The Gateway to the Frontier Territory – Camooweal

Corella Dam CloncurryHaving crossed the vast coloured ombre’ plains of a thousand ochre shades, we are now taking a moment to rest-up on the banks of the Georgina. We are at the top end and far West in the Gulf Country. Next we will be venturing into the central deserts of the Northern Territory though they are not deserts as you would imagine them. Savannah and grasslands of vast flood plains would better describe the land where we are headed.

The landscape around us is ancient, weathered and worn down to the baseline of time. The ground is stony with a sharp attitude, where the rock has been upturned and pushed towards the skies by the immense pressures still boiling deep beneath the ground surface of this country. This is still creating vast ridges and sharp valleys that sit on the edge of the great flood plain that is the Gulf country. These ridges and karst sit hard with this attitude against the red ochre lands as they bake in the sun.

Dawn camoowealIt is dry here, very dry as this world waits for the monsoons to arrive but first over the next months will come the heat of summer, the humidity and then the soaking rains. I wish I could bring to you the sounds, the smells and the beauty of this landscape; it is truly breathless.

It is the very break of dawn here and the sun will rise across the now still ponds and lakes of the Georgina, bringing with it the new day. In the meantime the quarter moon sits waiting for the dawn and the horizon is a beautiful burn sitting on the edge of the world it seems.

I can hear the birds and each moment their morning carol grows stronger, the pelicans, the kites waiting to greet the day. There are little ducks nearby, I can hear them call and the sweet chirp of the smaller birds who are now beginning to sweep low between the bushes.

There is one bird who sounds like a child struggling to learn how to play the recorder and the sound makes me smile. He has followed us across the Gulf Country with his call and still to me it seems he has not mastered the tune. I wish I knew his name.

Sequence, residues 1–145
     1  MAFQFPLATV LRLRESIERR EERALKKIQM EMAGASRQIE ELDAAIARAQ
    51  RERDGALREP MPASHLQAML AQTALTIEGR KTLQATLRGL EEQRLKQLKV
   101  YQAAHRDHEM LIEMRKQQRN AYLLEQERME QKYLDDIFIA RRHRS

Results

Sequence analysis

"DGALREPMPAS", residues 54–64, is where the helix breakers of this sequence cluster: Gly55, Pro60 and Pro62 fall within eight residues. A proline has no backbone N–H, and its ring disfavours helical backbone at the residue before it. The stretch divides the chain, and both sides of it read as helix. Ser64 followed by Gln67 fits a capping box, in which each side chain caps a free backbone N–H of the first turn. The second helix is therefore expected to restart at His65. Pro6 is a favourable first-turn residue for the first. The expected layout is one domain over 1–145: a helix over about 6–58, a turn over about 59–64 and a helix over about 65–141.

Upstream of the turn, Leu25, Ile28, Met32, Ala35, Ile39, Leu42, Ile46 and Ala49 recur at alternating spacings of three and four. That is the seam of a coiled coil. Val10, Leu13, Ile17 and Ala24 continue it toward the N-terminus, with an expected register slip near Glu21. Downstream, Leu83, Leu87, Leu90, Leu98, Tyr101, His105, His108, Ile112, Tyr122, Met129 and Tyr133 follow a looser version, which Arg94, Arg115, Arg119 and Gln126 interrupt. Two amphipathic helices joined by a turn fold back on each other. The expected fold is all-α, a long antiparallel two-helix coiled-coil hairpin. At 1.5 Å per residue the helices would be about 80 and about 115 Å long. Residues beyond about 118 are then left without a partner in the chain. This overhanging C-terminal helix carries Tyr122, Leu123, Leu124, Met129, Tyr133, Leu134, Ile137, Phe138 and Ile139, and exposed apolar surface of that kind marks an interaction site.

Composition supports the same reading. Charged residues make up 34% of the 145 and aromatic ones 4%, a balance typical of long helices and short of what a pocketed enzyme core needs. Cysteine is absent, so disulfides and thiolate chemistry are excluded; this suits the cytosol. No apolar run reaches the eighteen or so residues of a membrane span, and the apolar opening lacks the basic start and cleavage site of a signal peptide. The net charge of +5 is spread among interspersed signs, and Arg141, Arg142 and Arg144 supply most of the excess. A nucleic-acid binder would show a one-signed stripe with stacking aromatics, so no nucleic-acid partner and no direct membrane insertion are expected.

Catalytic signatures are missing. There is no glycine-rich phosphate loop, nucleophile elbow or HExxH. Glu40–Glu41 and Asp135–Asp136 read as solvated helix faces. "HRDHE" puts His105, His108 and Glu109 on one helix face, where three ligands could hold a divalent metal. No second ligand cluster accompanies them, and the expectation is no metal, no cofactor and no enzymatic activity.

The ducks have reached the dawn in their morning sweep across the now quiet waters of the Georgina and for a moment their call fills my world… and then they move on. It is near the break of dawn as the crimson sky takes on a golden hue at the edge of the bush in its climb into the heavens.

This region is called the basin of Lake Eyre, even though Lake Eyre lay thousands of kilometres to the south of us in a southern state. It was once an ocean here, a vast sweep of water, which laid down a thick bed of silt and limestone, one which now has weathered to caves and caverns of the Dreamtime deep beneath the surface earth. The monsoonal rains that come each Wet season, now drain across three states in their time, down the length of the Country and fill the remnant of this ancient sea only a few times in a century. It has been a good century this epoch and the birds have flourished in the prime of each event.

Camooweal caves entranceWe visited some of these ancient caverns nearby, those created by the seasonal flood of rains over the millennia. …. Thee caves are near Camooweal an they are not marked well but certainly worth a visit for the curious. They are not like the limestone caves of the Eastern coastline, as they are made of a hardier rock. They aren’t tamed yet and perhaps never will be. They don’t sit marked by a ridge of karst but instead sink quickly and quietly beneath the earth in a collapsed roof, buried on a flat plain of grasslands. They are a surprise to the unwary traveller who may stumble across them.

Camooweal Caves structure

Camooweal Caves structure

There is no easy access to these caves and no simple exploration is possible. They are dangerous, flooding unexpectedly or collapsing when least expected. They are sharp and rocky, hot and chill, a gateway beneath the earth into the deep sub-artesian basin. They would be inviting like no other to the intrepid caver, even to the curious traveller.

We didn’t venture inside as we knew they didn’t contain many of the often beautiful limestone formations and we didn’t have the equipment we would need to descend into the depth of the world beneath our feet. Another time, another world, another life.

Travel well.


Jan is an Author and you can find out more about her books here under the tab ‘The Dreaming,’ for fiction tales of the Ancient Aboriginal Lore woven through contemporary times.
You can explore the Lore and Legends of ancient worlds in her stories.
The Spirit Children series, ‘Lands Edge’ Book 1, will take you into the heart of Sydney on an adventure into legend and time. ‘Through other Eyes’ Book 2, will take you deep into the histories of the Jenolan Caves. It has been newly released and is available now at

Explore contemporary tales of the ancient Kadaitcha, or the Featherfoot of a truly unique Lore in ‘The Dreaming Series’.
Or enjoy some of her lively travelogues and tales of past true life travel adventures, published in both e-book and print under Around the Campfires and Oldies at Large.

You will find her on Facebook where you too can become part of the adventure. You never know… you might just catch up with her and The Man around the ridges somewhere.

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